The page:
‘ The contemporary intersection of the body, information and technology gives us a different body from the somewhat fixed and frail, if valiant body we were used to’ (Murphie and Potts, 2003, p.115)
Technology is increasingly integrated with the human body.
Technology is used to augment or replace human physical functions.
The ‘Frankenstein myth’ – are we acting outside of our moral capacity?
Do our values change when we are hybrid human -machines?
What kind of politics do we need to ‘control’ or ‘regulate’ the development of cyborgs?
Are we now post-human ?
If we can integrate the body with technology – do we need to reconsider the ethics of human action?
What empathy do we have with ‘ animalistic ’ organisms if we have become ‘ technological ’ organisms?
How do we consider our own identities if they are augmented by machines?
High-tech culture challenges the notion of the ‘human’.
Boundaries between the ‘human’ and the ‘machine’ are transgressed .
Cyborgs can undertake tasks and roles that humans cannot or do not want to do
In embracing the cyborg we can re-define what it means to be human.
mobile privatization mobility personalisation
From portables to wearables
Internet dematerialisation of music
From environmental audio to embodied audio cyborg?
‘ The second best part about the Nike+ running — the cool, video-game like part — is that you not only run, but you also get points for running . Your score ever-increases. Better still, if you set goals for yourself, you even get awesome virtual trophies and ribbons , resplendent in their vector beauty... And the coolest part about Nike+ running? Like any good online game, you can challenge your friends. First to 100 miles? Fastest 5-mile time? Your call’ http://www.cabel.name/2006/08/multiplayer-game-of-year.html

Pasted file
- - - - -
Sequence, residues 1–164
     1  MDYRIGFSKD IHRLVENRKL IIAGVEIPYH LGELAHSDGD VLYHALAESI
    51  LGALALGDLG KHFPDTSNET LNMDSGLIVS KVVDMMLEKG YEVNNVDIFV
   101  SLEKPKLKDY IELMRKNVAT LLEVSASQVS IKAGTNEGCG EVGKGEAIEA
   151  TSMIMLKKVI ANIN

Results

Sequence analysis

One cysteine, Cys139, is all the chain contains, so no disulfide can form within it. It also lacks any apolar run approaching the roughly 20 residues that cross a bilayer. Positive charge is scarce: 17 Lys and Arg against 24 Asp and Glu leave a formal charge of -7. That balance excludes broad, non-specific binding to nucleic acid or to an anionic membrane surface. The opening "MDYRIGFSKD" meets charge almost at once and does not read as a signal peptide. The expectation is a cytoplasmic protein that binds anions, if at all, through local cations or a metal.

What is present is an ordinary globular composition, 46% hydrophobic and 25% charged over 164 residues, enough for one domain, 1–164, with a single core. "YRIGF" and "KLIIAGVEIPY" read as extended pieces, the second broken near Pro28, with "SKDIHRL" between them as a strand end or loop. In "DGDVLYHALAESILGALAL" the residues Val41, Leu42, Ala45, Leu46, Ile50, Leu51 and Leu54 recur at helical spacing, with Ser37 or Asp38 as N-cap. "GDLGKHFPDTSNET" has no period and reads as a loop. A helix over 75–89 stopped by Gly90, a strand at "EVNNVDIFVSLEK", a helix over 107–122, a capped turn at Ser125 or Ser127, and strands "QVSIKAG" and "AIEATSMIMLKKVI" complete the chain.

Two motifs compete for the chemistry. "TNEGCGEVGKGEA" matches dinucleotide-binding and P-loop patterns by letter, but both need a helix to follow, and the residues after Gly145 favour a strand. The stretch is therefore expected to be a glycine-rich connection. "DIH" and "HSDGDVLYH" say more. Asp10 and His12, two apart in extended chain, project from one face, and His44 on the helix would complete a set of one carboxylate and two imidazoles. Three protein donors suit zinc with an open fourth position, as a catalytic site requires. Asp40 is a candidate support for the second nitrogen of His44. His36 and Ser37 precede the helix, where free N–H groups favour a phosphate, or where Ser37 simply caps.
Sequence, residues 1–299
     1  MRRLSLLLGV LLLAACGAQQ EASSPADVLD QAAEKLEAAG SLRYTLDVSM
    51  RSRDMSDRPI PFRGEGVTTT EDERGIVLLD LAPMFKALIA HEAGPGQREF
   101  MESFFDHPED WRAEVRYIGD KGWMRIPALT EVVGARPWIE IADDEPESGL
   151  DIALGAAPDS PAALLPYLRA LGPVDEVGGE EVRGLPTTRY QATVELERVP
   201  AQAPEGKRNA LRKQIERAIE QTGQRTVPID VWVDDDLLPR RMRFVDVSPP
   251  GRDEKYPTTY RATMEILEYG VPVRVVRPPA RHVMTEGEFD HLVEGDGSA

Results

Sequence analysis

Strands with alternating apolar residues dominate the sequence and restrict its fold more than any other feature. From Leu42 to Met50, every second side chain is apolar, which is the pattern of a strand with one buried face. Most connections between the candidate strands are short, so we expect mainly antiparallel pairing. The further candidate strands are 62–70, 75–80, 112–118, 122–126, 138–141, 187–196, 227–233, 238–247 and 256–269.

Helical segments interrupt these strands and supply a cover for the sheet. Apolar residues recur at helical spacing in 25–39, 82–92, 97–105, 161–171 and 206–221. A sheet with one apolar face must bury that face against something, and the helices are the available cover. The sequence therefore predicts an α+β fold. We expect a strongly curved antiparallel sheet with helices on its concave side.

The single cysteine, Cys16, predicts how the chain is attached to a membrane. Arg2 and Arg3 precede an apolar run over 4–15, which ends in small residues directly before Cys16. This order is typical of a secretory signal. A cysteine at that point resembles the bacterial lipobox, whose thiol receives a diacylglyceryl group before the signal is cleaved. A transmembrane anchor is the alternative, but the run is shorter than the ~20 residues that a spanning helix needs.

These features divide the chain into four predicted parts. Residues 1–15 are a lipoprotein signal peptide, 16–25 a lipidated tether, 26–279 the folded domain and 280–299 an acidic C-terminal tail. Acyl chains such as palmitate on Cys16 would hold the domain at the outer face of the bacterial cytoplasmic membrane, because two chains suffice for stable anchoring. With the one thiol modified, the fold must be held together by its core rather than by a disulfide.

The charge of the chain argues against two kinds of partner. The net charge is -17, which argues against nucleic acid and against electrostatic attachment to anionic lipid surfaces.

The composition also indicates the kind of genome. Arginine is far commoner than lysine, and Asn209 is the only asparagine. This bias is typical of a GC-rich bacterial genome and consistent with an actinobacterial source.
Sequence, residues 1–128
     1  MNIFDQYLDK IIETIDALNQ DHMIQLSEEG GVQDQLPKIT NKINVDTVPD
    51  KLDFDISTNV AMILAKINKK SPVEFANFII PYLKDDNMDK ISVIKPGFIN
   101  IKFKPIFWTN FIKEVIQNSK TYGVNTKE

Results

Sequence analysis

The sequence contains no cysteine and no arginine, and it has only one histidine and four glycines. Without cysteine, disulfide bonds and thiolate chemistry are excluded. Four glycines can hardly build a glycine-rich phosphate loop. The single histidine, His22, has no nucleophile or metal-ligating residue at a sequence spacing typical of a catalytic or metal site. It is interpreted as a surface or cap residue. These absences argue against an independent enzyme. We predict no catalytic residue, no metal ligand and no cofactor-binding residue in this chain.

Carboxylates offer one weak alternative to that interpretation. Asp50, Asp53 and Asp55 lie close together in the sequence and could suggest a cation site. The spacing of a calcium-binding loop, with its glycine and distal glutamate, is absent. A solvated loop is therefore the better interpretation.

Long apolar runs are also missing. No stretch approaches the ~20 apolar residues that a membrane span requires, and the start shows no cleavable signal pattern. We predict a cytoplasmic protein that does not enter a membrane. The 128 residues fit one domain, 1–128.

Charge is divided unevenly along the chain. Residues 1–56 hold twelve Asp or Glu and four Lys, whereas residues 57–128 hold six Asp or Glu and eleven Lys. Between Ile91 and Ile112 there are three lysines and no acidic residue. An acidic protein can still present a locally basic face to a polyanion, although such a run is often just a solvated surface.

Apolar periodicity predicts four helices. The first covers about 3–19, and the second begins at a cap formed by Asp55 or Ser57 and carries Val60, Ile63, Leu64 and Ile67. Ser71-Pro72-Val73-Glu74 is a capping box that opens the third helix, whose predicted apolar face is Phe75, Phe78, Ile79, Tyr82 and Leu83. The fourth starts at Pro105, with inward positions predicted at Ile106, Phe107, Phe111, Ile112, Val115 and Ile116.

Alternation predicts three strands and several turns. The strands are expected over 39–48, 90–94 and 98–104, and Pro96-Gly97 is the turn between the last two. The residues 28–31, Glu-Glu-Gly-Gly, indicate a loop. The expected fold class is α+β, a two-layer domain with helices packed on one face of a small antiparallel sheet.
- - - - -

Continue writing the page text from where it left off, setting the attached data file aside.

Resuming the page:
‘ cyberculture in general is a highly physicalist environment in which the lines dividing biology from technology are erased by biotechnology, art and surgery. If cyberculture has a bias, then, it is not towards disembodiment but towards physicality’
(Lister et al., 2003, p.376)
William J. Mitchell
the transformation of wireless technology in the hundred years since Marconi--the scaling up of networks and the scaling down of the apparatus for transmission and reception
This transformation has, in turn, changed our relationship with our surroundings and with each other.
ubiquitous, inescapable network interconnectivity
a world governed less and less by boundaries and more and more by connections
The cyborg self
Mitchell suggests that there is a particular embodiment of technology through machines and computer networks that have extended our bodies as machines so that we have become part-machine or cyborgs:
I construct, and am constructed, in a mutually recursive process that continually
engages my fluid, permeable boundaries and my endlessly ramifying networks. I am a
spatially extended cyborg.
(Mitchell, 2003, p.39)